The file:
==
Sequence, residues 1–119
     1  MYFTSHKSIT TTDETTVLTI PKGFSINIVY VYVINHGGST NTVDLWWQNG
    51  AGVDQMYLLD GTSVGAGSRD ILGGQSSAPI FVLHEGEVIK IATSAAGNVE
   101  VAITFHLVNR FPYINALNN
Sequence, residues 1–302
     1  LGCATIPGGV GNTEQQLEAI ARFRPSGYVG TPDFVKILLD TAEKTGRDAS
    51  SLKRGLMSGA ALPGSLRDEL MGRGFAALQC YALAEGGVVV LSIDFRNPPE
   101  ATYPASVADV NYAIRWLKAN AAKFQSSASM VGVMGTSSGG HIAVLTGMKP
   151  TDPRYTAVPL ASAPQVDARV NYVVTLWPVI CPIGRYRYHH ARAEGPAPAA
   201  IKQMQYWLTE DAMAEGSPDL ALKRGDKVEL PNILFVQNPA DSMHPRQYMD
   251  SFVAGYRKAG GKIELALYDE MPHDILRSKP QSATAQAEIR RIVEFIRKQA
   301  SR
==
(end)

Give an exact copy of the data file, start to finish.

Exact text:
Sequence, residues 1–119
     1  MYFTSHKSIT TTDETTVLTI PKGFSINIVY VYVINHGGST NTVDLWWQNG
    51  AGVDQMYLLD GTSVGAGSRD ILGGQSSAPI FVLHEGEVIK IATSAAGNVE
   101  VAITFHLVNR FPYINALNN
Sequence, residues 1–302
     1  LGCATIPGGV GNTEQQLEAI ARFRPSGYVG TPDFVKILLD TAEKTGRDAS
    51  SLKRGLMSGA ALPGSLRDEL MGRGFAALQC YALAEGGVVV LSIDFRNPPE
   101  ATYPASVADV NYAIRWLKAN AAKFQSSASM VGVMGTSSGG HIAVLTGMKP
   151  TDPRYTAVPL ASAPQVDARV NYVVTLWPVI CPIGRYRYHH ARAEGPAPAA
   201  IKQMQYWLTE DAMAEGSPDL ALKRGDKVEL PNILFVQNPA DSMHPRQYMD
   251  SFVAGYRKAG GKIELALYDE MPHDILRSKP QSATAQAEIR RIVEFIRKQA
   301  SR